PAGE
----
The Dirichlet Postdoctoral Program is open to early-stage postdoctoral researchers from around the world across all mathematical fields. MATH+ and the BMS will support their development into independent researchers, while helping them to to further qualify themselves for their future careers and gain international visibility.  
The Dirichlet Postdoctoral Fellows are given the opportunity and freedom to carry out their own ambitious research agenda and can follow their own research interests. In the rich scientific environment of Berlin mathematics, they get the chance to be exposed to the most recent developments in their fields of expertise, to build a collaborative network of national and international scientific contacts, and to obtain input from other research groups in similar or different fields. The BMS and MATH+ provide a stimulating environment and the means for postdocs to collaborate with researchers within MATH+ and beyond. 
In addition, the postdoctoral researchers will have ample opportunities to gain teaching, supervisory, and mentoring experience within the framework of the BMS – with the opportunity to obtain help, feedback, or advice, either individually from mentors on the BMS Faculty, in BMS complementary skills workshops and courses, or through events offered by the universities.  

Current BMS Dirichlet Fellows are:
Wen Sun (2018 – 2021)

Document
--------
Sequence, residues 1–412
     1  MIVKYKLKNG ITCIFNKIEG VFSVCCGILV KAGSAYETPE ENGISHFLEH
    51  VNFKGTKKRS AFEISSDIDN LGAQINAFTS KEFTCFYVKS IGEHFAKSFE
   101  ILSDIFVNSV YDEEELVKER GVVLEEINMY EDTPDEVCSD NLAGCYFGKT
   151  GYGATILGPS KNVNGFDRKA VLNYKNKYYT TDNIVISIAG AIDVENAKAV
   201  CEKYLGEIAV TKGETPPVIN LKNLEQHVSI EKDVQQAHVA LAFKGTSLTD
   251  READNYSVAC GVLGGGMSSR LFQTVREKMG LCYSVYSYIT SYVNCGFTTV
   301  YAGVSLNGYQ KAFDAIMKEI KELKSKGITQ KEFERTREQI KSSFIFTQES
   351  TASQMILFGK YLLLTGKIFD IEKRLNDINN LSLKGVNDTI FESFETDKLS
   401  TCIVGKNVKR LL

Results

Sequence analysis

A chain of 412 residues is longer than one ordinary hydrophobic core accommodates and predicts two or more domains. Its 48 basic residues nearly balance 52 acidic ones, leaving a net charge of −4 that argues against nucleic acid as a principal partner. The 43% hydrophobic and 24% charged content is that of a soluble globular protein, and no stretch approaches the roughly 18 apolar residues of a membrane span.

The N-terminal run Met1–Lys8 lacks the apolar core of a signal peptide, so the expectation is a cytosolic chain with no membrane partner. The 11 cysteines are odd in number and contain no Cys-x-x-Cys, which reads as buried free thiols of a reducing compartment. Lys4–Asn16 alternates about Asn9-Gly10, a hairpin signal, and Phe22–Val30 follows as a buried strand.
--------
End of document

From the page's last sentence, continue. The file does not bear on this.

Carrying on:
Amy Wiebe (2019 – 2021)
András Lorincz (2020 – 2022)
Jonathan Leake (2020 – 2022)

Former BMS Dirichlet Postdoctoral Fellows were: 
Nils Waterstraat (2013 – 2015)
Maryna Viazovska (2014 – 2016)  
Daniela Egas Santander (2015 – 2017)
Seungchan Ko (2018 – 2019)

The last call for applications for the Dirichlet Fellowship closed on 01 December 2020. Please note that in order to access the application form, you first have to register: Go to Registration. Applications are only accepted via our online portal



Henry Cohn and Maryna Viazovska © Kay Herschelmann/BMSViazovska, who came to the BMS from the Ukraine via the University of Bonn, made international headlines in March 2016 when she produced a stunning solution to a famous mathematical problem: the sphere packing problem in dimension eight. One week later, together with Henry Cohn and other co-authors, she solved the same problem in dimension 24. To date, the sphere packing problem remains unsolved in all other dimensions greater than three.